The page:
Location

Manchester Village, Vermont

Date

28-6-2017

Session

Session 4 — Lectures Driver Interface Issues

Abstract

Autonomous vehicles will have to coordinate their behavior with human road users such as drivers and pedestrians. The majority of recently proposed solutions for autonomous vehicle-to-human communication consist of introducing additional visual cues (such as lights, text and pictograms) on either the car’s exterior or as projections on the road. We argue that potential shortcomings in the visibility (due to light conditions, placement on the vehicle) and immediate understandability (learned, directive) of many of these cues make them alone insufficient in mediating multi-party interactions in the busy intersections of day-to-day traffic. Our observations of real-world human road user behavior in urban intersections indicate that movement in context is a central method of communication for coordination among drivers and pedestrians. The observed movement patterns gain meaning when seen within the context of road geometry, current road activity, and culture. While all movement communicates the intention of the driver, we highlight the use of movement as gesture, done for the specific purpose of communicating to other road users and give examples of how these influence traffic interactions. An awareness and understanding of the effect and importance of movement gestures in day-to-day traffic interactions is needed for developers of autonomous vehicles to design forms of human-vehicle communication that are effective and scalable in multi-party interactions.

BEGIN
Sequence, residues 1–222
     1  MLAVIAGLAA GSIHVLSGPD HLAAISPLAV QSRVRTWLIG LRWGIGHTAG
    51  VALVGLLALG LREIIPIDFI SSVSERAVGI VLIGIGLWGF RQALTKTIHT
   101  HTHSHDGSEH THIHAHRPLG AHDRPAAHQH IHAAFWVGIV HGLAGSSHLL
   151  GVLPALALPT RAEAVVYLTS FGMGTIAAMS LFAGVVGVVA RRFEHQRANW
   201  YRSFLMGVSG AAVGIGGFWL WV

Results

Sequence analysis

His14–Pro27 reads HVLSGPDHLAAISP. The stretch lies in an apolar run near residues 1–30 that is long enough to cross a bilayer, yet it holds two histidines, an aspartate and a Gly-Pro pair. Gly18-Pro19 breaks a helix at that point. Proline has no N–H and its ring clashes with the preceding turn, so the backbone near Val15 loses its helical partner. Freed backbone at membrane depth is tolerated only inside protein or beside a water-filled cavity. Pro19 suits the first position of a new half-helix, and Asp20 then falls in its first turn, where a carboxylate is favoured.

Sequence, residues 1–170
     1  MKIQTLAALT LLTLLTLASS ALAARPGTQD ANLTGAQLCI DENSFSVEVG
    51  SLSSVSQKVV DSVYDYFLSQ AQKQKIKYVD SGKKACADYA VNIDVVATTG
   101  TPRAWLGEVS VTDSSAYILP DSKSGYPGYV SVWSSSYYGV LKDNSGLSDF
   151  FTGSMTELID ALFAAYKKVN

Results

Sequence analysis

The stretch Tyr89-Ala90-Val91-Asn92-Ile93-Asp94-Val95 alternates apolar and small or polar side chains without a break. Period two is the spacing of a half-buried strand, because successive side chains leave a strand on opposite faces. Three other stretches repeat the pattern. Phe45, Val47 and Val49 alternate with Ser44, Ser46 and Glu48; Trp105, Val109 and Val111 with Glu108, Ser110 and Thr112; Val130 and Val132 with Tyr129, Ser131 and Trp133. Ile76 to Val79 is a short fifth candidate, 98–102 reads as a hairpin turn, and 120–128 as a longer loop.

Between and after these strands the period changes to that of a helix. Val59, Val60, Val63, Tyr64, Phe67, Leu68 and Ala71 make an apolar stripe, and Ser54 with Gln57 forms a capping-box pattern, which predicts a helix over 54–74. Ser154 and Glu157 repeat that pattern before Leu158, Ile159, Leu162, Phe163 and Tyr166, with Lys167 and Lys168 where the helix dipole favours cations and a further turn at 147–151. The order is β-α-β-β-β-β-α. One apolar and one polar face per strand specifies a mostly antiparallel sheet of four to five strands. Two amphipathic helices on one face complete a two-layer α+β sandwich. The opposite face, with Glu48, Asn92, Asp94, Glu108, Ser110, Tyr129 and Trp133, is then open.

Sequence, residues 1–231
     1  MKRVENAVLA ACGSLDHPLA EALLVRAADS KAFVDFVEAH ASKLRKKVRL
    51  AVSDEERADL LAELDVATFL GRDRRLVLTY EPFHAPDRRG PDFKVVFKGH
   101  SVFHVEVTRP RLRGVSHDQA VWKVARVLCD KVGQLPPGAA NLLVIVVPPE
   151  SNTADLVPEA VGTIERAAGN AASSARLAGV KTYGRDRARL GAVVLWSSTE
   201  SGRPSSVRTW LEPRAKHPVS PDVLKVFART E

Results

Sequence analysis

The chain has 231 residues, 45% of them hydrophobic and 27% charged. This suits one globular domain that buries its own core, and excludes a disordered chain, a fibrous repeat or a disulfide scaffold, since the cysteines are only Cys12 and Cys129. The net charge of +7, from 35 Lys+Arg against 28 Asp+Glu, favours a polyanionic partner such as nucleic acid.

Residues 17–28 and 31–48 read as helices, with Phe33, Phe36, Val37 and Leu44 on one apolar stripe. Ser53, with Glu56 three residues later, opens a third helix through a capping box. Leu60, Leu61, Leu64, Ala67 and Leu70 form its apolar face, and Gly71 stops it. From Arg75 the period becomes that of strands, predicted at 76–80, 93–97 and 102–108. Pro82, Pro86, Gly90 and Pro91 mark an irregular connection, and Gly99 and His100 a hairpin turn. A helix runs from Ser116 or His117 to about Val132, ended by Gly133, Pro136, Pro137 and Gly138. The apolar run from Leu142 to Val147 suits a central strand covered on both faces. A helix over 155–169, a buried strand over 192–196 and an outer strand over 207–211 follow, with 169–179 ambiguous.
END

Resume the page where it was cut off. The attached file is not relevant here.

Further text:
Rights

Copyright © 2017 the author(s)

DC Citation

Proceedings of the Ninth International Driving Symposium on Human Factors in Driver Assessment, Training and Vehicle Design, June 26-29, 2017, Manchester Village, Vermont. Iowa City, IA: Public Policy Center, University of Iowa, 2017: 186-192.

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Jun 28th, 12:00 AM

Human-Vehicle Interfaces: The Power of Vehicle Movement Gestures in Human Road User Coordination

Manchester Village, Vermont

Autonomous vehicles will have to coordinate their behavior with human road users such as drivers and pedestrians. The majority of recently proposed solutions for autonomous vehicle-to-human communication consist of introducing additional visual cues (such as lights, text and pictograms) on either the car’s exterior or as projections on the road. We argue that potential shortcomings in the visibility (due to light conditions, placement on the vehicle) and immediate understandability (learned, directive) of many of these cues make them alone insufficient in mediating multi-party interactions in the busy intersections of day-to-day traffic. Our observations of real-world human road user behavior in urban intersections indicate that movement in context is a central method of communication for coordination among drivers and pedestrians. The observed movement patterns gain meaning when seen within the context of road geometry, current road activity, and culture. While all movement communicates the intention of the driver, we highlight the use of movement as gesture, done for the specific purpose of communicating to other road users and give examples of how these influence traffic interactions. An awareness and understanding of the effect and importance of movement gestures in day-to-day traffic interactions is needed for developers of autonomous vehicles to design forms of human-vehicle communication that are effective and scalable in multi-party interactions.